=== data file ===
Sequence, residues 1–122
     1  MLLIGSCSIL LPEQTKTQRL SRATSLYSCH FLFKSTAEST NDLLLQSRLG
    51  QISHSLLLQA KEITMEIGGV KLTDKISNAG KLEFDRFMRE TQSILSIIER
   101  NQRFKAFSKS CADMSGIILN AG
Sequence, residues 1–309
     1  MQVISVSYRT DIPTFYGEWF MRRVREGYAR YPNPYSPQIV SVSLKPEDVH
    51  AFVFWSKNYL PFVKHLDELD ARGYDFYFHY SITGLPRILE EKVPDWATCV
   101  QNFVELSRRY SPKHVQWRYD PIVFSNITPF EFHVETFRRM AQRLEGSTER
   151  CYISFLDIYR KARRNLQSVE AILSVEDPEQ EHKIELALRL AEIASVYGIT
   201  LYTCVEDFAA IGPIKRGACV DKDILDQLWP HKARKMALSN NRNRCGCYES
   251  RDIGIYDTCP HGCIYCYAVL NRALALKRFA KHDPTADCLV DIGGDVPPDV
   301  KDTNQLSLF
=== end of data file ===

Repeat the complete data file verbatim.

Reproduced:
Sequence, residues 1–122
     1  MLLIGSCSIL LPEQTKTQRL SRATSLYSCH FLFKSTAEST NDLLLQSRLG
    51  QISHSLLLQA KEITMEIGGV KLTDKISNAG KLEFDRFMRE TQSILSIIER
   101  NQRFKAFSKS CADMSGIILN AG
Sequence, residues 1–309
     1  MQVISVSYRT DIPTFYGEWF MRRVREGYAR YPNPYSPQIV SVSLKPEDVH
    51  AFVFWSKNYL PFVKHLDELD ARGYDFYFHY SITGLPRILE EKVPDWATCV
   101  QNFVELSRRY SPKHVQWRYD PIVFSNITPF EFHVETFRRM AQRLEGSTER
   151  CYISFLDIYR KARRNLQSVE AILSVEDPEQ EHKIELALRL AEIASVYGIT
   201  LYTCVEDFAA IGPIKRGACV DKDILDQLWP HKARKMALSN NRNRCGCYES
   251  RDIGIYDTCP HGCIYCYAVL NRALALKRFA KHDPTADCLV DIGGDVPPDV
   301  KDTNQLSLF